This week, we ran an article about the Associated Press and its linking policies, which pointed out an article that seemed to be doing the kind of thing the organization has historically frowned upon from others – short articles based on someone else’s original reporting, linking to the original.
While that was largely the point of the article, we also noticed that some of the sites running the AP story had bit.ly URLs, which pointed to the original source, but didn’t actually link. Rather than linking some anchor text, it just had the URL in parentheses, which seems odd to me. Anyway, some of the sites actually linked the URL and some didn’t. The AP pointed out to us that they link it on their own site, and don’t control whether or not the other sites link.
Since backlinks are a pretty significant factor in building credibility on the web, I thought it would seem appropriate to make it a policy that sites running the AP’s content with links to other sources, be required to keep those links in tact. I asked Director of AP Media Relations Paul Colford why the AP does’t make this a policy. Here’s what he says:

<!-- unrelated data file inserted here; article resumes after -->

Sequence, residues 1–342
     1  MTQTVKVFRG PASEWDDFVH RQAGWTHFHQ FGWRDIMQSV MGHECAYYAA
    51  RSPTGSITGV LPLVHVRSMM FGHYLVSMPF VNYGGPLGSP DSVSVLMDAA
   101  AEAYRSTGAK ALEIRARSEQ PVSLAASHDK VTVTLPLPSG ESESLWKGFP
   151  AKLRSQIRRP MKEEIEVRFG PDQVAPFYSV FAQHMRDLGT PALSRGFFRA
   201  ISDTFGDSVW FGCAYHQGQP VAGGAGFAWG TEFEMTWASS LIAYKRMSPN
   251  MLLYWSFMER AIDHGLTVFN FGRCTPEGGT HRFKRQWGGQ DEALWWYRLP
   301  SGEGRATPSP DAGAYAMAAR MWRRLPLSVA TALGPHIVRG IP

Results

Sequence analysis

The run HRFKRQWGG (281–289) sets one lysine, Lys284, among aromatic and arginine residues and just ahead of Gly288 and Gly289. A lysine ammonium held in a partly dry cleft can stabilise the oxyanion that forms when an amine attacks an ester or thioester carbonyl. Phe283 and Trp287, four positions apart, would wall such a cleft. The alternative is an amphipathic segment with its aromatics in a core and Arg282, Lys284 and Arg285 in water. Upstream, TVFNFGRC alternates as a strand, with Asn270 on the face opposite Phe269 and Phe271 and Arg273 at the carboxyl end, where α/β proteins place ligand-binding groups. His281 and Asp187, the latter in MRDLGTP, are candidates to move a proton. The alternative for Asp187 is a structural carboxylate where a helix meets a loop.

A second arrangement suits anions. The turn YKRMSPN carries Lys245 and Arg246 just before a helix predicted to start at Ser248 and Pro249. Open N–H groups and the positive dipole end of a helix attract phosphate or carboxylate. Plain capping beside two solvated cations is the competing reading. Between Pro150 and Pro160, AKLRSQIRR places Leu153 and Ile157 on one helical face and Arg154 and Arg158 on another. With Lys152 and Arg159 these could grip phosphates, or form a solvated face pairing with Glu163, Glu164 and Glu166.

As a cooperative and as a provider of services to our members and commercial customers (that is, we deliver text, photos, video, graphics etc. to papers large and small, broadcasters large and small, plus websites etc., which then consider our goods for their own needs and presentations), we don’t dictate how they utilize the material, or deal with links for that matter. The choices are theirs.
Moreover, I’m told that longer links have a tendency to break for any number of reasons; some links contain characters that transmit unevenly downstream. Which is why we also use bit.ly.
The bit.ly thing I get, although it does mask the domain it’s referring to.
Linking to your sources is common web etiquette. The AP gets this, clearly. They do it on their own properties, and incude the link (although I still don’t see why they don’t just link anchor text like most other news organizations). But apparently sites running AP content aren’t required to keep this etiquette in place.